The tin on the left is the version I remember. But holy cow, the older one is pretty rad too.

The tin on the right is the version I remember. But holy cow, the older one is pretty rad too.

I hope you’ll indulge me, in this first in a series of blog posts about the sights, sounds and tastes that inspired Starbunny, Inc.

Long before I was lactose intolerant, I drank a lot of strawberry milk as a kid. My family would get the large tins of pink powder and mix it into milk. Ideally in clear glasses, so you could see the various shades of white and pink blend together. My favorite part was the gloopy concentration of sugar that would collect at the bottom of the glass. I’d stick my tongue in at the end, feverishly lapping up every last grainy drop of artificial sweetness. But I’m jumping ahead of myself. While drinking my glass of strawberry milk, I’d always take time to appreciate the packaging. This is something I did a lot as a kid, especially with cereal, toys and video games. On more than a few occasions I’d end up enjoying the box art on an action figure even more than the toy itself!

Those charming tin cans with rounded edges that Nestle Quik powered mix used to be sold in were nothing short of magical. They reminded me of personal banks, and sometimes the lid would be stuck on so tight I’d need a penny to pry it open. And of course, the main attraction of packaging was admiring the illustrations. In the 80s (and obviously earlier) the Quik mascot was a pink bunny wearing blue overalls, with a strawberry on his head! In one incarnation the strawberry was a photograph, pasted onto the cartoon art of the bunny, who was drinking out of a photo of a real straw placed in a real glass. I didn’t know what mixed media was yet (and clearly this would preface my future enjoyment of Who Framed Roger Rabbit) but I was transfixed by this fun combination.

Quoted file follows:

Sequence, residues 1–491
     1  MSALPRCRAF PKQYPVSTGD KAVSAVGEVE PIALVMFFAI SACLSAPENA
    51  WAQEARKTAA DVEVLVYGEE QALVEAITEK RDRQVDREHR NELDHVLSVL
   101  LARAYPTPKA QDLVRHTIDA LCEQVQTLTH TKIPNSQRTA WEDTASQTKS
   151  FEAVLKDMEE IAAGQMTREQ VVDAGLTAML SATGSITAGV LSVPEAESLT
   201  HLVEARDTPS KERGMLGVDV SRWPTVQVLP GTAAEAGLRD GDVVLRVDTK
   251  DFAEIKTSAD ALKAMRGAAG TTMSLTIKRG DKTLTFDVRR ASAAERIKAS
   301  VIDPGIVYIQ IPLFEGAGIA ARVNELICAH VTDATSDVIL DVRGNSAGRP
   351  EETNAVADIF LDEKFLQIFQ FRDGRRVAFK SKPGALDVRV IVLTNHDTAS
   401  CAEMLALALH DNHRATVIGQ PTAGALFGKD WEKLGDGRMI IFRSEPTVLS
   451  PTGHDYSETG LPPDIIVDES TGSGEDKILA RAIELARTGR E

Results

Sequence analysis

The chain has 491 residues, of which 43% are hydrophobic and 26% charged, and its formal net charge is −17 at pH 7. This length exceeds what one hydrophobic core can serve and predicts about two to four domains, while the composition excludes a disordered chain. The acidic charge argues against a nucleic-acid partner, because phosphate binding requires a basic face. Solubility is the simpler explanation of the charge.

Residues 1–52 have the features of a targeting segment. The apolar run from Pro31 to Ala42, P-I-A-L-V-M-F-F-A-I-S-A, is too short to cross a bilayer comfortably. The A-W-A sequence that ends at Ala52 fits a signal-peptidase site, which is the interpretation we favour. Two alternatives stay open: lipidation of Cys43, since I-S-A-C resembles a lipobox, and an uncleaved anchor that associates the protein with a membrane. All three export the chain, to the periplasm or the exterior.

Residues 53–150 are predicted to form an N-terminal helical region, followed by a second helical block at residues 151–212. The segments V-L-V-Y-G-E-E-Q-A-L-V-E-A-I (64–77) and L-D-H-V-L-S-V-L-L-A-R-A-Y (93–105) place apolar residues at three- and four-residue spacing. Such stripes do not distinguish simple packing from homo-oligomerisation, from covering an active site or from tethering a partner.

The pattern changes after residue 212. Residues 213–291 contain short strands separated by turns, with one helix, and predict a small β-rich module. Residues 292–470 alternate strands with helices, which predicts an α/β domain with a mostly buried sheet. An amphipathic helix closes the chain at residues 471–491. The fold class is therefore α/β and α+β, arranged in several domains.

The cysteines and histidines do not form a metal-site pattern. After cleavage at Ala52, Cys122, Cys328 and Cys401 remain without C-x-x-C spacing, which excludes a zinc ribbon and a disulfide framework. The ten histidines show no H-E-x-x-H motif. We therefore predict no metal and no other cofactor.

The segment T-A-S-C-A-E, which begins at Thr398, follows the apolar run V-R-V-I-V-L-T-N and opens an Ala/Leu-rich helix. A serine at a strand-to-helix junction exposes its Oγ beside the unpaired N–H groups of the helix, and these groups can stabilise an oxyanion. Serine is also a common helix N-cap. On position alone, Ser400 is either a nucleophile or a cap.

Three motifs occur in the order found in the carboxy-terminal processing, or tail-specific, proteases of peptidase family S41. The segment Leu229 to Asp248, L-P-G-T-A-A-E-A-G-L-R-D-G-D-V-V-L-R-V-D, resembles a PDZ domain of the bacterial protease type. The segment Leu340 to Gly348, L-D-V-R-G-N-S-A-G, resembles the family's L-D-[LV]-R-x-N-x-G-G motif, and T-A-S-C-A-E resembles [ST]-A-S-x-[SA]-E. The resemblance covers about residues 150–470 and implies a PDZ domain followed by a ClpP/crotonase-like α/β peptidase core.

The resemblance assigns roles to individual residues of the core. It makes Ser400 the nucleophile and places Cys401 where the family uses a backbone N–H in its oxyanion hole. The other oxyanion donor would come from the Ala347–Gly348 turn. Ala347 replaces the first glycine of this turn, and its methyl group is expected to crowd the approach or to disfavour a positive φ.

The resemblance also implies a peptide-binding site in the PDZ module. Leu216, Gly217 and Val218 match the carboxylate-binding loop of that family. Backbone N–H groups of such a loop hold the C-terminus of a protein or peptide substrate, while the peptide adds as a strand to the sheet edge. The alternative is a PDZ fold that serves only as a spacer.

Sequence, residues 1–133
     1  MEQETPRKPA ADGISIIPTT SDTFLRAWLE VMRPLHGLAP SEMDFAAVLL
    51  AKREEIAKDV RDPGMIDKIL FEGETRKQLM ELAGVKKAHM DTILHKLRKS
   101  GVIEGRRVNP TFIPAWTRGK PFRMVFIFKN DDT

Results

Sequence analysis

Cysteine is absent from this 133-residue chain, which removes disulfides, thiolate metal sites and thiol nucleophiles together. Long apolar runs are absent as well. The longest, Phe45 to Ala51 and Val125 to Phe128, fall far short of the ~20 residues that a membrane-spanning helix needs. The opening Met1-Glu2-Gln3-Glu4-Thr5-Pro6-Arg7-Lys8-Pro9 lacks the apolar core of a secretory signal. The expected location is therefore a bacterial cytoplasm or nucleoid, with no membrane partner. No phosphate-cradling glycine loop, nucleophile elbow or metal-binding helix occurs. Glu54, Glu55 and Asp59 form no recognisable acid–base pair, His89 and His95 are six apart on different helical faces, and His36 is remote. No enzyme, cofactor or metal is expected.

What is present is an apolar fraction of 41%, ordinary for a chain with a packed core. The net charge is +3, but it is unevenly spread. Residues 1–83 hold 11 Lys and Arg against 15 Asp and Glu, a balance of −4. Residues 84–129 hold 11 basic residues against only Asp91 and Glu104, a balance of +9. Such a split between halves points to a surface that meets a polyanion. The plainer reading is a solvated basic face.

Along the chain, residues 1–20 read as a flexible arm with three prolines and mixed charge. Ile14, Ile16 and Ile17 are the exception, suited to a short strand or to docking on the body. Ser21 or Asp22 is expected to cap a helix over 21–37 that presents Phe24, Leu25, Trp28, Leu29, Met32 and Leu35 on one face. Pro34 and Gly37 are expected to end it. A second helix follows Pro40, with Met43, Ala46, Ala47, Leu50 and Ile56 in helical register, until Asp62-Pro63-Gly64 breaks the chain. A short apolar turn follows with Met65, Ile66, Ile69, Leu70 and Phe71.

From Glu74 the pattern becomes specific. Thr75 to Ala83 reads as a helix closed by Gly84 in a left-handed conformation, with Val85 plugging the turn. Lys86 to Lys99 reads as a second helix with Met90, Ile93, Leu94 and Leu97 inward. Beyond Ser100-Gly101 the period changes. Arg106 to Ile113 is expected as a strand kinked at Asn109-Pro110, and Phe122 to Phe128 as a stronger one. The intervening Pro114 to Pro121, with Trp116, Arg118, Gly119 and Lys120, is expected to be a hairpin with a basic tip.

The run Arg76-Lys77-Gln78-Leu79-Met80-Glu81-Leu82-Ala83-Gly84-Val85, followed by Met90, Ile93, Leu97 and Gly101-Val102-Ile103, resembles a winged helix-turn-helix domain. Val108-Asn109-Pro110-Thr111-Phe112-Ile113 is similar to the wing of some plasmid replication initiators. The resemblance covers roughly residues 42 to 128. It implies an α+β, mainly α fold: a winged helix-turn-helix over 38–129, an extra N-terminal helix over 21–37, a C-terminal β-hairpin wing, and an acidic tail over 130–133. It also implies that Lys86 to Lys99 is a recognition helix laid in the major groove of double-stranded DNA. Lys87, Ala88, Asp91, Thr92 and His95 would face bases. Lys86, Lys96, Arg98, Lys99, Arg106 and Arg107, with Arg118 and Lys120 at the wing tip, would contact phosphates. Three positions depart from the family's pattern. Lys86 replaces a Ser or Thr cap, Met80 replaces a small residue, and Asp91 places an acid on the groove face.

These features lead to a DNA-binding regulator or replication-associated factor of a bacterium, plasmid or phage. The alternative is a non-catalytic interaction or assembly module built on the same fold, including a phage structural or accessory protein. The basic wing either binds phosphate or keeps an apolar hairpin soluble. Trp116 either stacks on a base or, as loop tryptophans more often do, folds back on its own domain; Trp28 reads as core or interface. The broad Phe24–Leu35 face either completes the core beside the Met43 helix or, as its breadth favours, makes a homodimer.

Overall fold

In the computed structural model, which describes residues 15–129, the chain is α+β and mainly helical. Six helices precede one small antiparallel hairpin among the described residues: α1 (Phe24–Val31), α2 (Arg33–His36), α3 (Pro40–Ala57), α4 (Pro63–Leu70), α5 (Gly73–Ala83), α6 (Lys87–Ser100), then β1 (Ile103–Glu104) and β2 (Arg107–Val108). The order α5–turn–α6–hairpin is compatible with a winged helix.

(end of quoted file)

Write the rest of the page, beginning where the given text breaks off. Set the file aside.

I never drank the chocolate variety of Quik, but a bit of internet research shows that the brown bunny that appeared on alternate packaging never wore anything on his head, simply sporting a corporate letter N around his neck. At some point Nestle Quik became rebranded/abbreviated to Nesquick, and the brown bunny was promoted to mascot for both Chocolate and Strawberry (as well as Vanilla), and his pink colleague was let go. I guess it cost too much to have more than one bunny on payroll? As a kid with an aversion to chocolate (I’ll go into that in another blog post), this upset me greatly, but I should probably get back on topic.

So, yeah: countless hours drinking flavored milk, admiring the container, and thinking about this bunny with a strawberry on his head. Where did he come from? What did he do for a living? Was he a strawberry farmer? Did he have a factory where he processed strawberries into pink powder? Did he get rich selling the recipe? I also hazily remember an image of the Quik bunny hanging out near a river of milk… I can’t remember if I actually saw this image printed on the back of a tin, or if it just appeared in one of my daydreams. At any rate, many years later, I started developing a story for the Flight anthology called “The Great Bunny Migration” (which you can read in the archive section) that built off some of these daydreams I had about bunnies in the milk business. The ideas continued to expand in my brain, with bunnies making cameos in Astronaut Academy, and now Starbunny, Inc.

But strawberry milk is just one ingredient added to the inspiration blender. I’ll share more, in the coming weeks!